The European Union's fight against terrorism : a critical discourse analysis
thesisposted on 21.10.2011, 11:56 by Christopher Baker-Beall
Since the events of September 11, 2001, the threat of terrorism has gained ever more political salience, occupying a place at the top of the EU political agenda. In response to the perceived threat, the EU has developed a distinct approach to counter-terrorism, themed around what is called the "fight against terrorism‟. This approach is more than just a set of institutional or public policy responses designed to negate the threat of terrorism; it is also an influential political discourse which plays an important role in the construction of counter-terrorism policy and the legitimisation of counter-terrorism policy responses. This thesis uses critical discourse analysis to study the discursive construction of EU counter-terrorism policy. It uses representative extracts from twenty counter-terrorism documents prepared by/or for the EU institution the European Council, across a ten-year period from November 1999 to December 2009. The analysis identifies several strands of the "fight against terrorism‟ discourse, which it is argued are central to its constitution and that remain consistent across the period analysed. In the post-September 11 period, these strands of the counter-terrorism discourse play an important role in constructing an ubiquitous internal/external "terrorist‟ threat. These include: terrorism as a "criminal act‟; terrorism as an act perpetrated primarily by "non-state actors‟; terrorism as "new‟ and seeking to gain access to and/or use weapons of mass destruction; the threat of terrorism linked to an "open‟ or "globalised‟ geo-strategic environment, thus requiring measures of "control‟ at the EU border; and the threat of terrorism linked to "violent radicalisation‟ or "Islamist terrorism‟, emanating both internally ("home-grown terrorism‟) and externally to the EU. When these different strands are taken together they constitute the "fight against terrorism‟ discourse. It is argued that this discourse helps to construct the identity of the EU, whilst simultaneously the identity of the EU is central to the formulation of counter-terrorism policies. As such, the representations contained within the counter-terrorism discourse and counter-terrorism policy are considered to be mutually or co-constitutive. The main contention of the thesis therefore is that EU identity is constituted through the "fight against terrorism‟ discourse. Critical discourse analysis was chosen as a method through which to investigate EU counter-terrorism policy because it allows us to: map how the "fight against terrorism‟ discourse is constructed; to demonstrate how it provides a language for talking about terrorism; to understand how the discourse defines what is accepted knowledge about (who or what is) terrorism; and to reveal how that knowledge structures the counter-terrorism policy response as a "natural‟ or "common-sense‟ approach to the challenge of terrorism. This approach is novel in the sense that it is attentive to often neglected issues such as identity. In particular, it explores how the "fight against terrorism‟ discourse construct a "European‟ sense of Self in opposition to a "terrorist‟ Other. It investigates the extent to which the "fight against terrorism‟ discourse plays a role in the legitimisation of new security practices; as well as reflecting on the extent to which these practices are contributing to the blurring of the distinction between internal and external security policy. It also considers whether the discourse is reflective of a process of "securitisation‟ of social and political life within Europe.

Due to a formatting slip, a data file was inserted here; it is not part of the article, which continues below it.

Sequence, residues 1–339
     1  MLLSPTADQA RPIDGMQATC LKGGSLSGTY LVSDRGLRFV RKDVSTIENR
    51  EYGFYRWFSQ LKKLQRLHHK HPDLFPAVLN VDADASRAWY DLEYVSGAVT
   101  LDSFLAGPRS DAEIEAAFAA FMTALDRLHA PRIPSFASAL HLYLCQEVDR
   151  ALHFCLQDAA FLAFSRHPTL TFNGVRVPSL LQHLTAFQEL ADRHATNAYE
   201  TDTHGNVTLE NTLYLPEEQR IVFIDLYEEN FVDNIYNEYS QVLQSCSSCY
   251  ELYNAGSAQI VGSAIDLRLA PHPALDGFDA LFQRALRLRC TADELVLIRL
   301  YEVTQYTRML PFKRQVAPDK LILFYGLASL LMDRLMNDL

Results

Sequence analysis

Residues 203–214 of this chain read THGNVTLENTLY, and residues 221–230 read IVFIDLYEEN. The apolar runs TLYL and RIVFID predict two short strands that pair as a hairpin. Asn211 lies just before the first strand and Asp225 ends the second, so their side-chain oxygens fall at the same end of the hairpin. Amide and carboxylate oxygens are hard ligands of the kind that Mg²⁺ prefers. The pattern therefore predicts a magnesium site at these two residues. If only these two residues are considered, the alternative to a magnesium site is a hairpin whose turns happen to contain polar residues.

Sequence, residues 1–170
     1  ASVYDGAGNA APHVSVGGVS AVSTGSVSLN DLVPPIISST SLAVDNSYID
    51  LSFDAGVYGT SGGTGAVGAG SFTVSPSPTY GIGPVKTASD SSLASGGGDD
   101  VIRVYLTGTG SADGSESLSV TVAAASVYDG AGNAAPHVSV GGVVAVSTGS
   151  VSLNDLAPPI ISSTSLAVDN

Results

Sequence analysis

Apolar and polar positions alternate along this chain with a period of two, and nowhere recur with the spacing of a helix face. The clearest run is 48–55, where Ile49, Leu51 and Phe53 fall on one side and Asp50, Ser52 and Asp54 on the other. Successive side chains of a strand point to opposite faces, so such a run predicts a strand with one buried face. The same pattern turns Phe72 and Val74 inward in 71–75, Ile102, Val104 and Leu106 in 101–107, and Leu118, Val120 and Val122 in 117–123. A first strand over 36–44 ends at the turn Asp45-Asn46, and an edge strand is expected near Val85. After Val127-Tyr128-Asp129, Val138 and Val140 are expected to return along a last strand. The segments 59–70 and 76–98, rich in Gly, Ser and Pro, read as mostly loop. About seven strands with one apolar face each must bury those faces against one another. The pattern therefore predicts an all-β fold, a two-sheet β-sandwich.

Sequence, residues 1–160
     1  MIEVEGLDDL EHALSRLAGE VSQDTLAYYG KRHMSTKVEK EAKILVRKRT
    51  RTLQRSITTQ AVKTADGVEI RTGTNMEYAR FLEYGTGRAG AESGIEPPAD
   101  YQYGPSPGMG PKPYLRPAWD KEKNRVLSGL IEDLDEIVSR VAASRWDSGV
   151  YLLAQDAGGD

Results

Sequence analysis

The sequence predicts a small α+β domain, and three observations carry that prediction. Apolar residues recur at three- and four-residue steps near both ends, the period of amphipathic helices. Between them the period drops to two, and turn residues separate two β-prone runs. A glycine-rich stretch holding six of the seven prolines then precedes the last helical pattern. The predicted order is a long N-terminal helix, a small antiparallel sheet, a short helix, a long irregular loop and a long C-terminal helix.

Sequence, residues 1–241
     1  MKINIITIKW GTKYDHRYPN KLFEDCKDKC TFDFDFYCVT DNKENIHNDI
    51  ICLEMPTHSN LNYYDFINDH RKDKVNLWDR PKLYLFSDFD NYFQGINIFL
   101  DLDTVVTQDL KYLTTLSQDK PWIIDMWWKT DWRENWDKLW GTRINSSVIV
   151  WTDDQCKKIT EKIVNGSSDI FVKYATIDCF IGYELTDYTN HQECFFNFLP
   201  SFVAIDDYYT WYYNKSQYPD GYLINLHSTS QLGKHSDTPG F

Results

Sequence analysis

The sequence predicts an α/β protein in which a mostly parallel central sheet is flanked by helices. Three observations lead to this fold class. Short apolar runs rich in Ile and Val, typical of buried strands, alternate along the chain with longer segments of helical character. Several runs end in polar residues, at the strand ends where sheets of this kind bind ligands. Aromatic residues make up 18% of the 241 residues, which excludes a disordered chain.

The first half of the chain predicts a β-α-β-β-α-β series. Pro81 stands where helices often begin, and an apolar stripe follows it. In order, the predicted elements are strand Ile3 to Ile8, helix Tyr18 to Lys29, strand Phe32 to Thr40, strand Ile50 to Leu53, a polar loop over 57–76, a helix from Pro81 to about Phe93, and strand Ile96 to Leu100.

- Social Sciences
- Politics and International Studies